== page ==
1. Constant revisions
Revisions are part of any project. It is common for clients to request changes as the project progresses. Too many changes, however, hinder performance and even lower the success rate in the long run. Communication breakdown, from the onset, is a leading cause of unplanned corrections. A client may fail to capture all the details about their project and how they want their final product to appear during the planning stage. Revisions may also be as a result of failure to understand the client’s demands, and consequentially, you end up having a different mental picture from what the client intended. To avoid this pitfall, go through the plan and ensure that both of you are on the same page. Use diagrams if possible to confirm whether you have received instructions as communicated. Moreover, communicate regularly with the client and get their feedback after every milestone.
2. Unenthusiastic clients
As a project manager, you may encounter clients who are not as excited as you are about their projects and consequentially, they treat you as if you are not a priority. Subsequently, you end up feeling sidelined. Communicating project goals and discussing progress becomes difficult since you are more of a bother to the client whose only need is to see a finished product. If you are handling multiple projects, you might be compelled to treat other projects as your priorities thus compromising your relationship with your client. This drawback can be curbed by exercising professionalism. Not all clients will want to build a relationship with you, but you should help them understand what your job is and what it takes for you to perform exceptionally well.
3. Inadequate time
Project managers work underestimated time and budgets. Each milestone is accorded a particular period. Unfortunately, estimated time may prove to be inadequate due to constant distractions. Other minor activities such as reading and responding to emails, meetings, receiving phone calls and other administrative roles, may take up more time than expected thus reducing the number of hours you spend on actual project tasks. Unfortunately, time affects the budget and the overall success of a project. According to the Triple Constraint Triangle of Project Management, if time is not adhered to, the project utilizes more cost than estimated earlier on to cover a given scope, and if not so, quality is compromised. To prevent such complications, avoid making strict time approximations. Leave room from unforeseen distractions.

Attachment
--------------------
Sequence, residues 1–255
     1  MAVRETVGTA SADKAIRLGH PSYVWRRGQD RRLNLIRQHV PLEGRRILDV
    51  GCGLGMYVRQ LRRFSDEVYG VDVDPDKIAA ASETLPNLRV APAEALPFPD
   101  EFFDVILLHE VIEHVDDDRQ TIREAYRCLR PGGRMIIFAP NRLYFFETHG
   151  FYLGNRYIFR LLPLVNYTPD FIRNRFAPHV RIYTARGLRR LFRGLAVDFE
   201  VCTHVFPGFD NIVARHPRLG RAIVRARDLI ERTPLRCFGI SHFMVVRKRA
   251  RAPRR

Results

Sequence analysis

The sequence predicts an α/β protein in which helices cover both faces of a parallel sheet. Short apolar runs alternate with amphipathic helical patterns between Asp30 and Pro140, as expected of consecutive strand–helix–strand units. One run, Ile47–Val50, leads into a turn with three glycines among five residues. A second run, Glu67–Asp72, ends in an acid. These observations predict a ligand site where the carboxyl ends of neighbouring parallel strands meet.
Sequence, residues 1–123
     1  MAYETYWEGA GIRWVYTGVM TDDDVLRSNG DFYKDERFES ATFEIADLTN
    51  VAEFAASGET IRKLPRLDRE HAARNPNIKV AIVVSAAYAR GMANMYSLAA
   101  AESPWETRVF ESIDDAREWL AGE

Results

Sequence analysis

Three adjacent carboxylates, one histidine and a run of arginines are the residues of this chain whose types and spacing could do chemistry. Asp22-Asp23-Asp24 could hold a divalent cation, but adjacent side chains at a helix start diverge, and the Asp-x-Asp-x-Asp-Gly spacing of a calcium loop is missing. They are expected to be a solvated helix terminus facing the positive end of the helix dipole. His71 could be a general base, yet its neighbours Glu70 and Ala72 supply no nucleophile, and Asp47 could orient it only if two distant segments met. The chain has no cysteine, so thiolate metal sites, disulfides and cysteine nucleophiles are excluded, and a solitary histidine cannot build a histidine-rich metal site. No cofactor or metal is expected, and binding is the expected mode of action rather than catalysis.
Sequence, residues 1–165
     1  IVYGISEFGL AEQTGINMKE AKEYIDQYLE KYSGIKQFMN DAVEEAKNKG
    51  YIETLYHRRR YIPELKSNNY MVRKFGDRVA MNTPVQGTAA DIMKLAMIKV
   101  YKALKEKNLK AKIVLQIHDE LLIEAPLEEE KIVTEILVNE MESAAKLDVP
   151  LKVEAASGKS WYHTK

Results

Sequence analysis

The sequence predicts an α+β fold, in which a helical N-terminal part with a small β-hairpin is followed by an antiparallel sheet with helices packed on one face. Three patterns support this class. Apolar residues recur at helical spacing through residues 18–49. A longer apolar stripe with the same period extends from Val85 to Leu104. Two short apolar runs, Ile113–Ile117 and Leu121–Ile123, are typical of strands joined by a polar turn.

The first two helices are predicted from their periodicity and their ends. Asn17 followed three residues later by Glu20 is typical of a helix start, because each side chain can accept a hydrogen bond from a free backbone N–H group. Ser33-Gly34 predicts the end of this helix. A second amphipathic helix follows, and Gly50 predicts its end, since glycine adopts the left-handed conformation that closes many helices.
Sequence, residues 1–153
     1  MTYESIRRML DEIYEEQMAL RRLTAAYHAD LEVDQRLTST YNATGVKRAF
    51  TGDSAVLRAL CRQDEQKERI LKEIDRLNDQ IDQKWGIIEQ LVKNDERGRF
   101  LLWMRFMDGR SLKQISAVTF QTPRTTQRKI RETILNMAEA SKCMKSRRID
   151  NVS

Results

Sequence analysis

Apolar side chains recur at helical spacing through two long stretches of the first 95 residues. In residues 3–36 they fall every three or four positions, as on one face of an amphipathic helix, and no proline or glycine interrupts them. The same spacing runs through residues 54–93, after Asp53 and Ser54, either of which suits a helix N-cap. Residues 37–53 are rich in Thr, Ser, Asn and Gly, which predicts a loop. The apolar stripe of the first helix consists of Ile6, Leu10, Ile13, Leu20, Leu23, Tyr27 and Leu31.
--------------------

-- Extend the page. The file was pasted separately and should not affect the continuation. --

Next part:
4. Lack of a concise plan
Sometimes what you cover in a project may be guided by sheer guesswork due to lack of a properly laid down plan. Such projects are messy and are like a ticking time bomb. Anything can easily go wrong at any time. A lot goes into the planning stage, and a good plan can result from any of the above-discussed pitfalls. For instance, when the client is detached from the project, you may not take the necessary steps to make solid plans. Also, if resources are limited, proper planning becomes impossible. To avoid this problem, make the planning stage of project management a priority and work with the available resources. Besides, avoid prioritizing some projects while de-prioritizing others regardless of how the client treats you.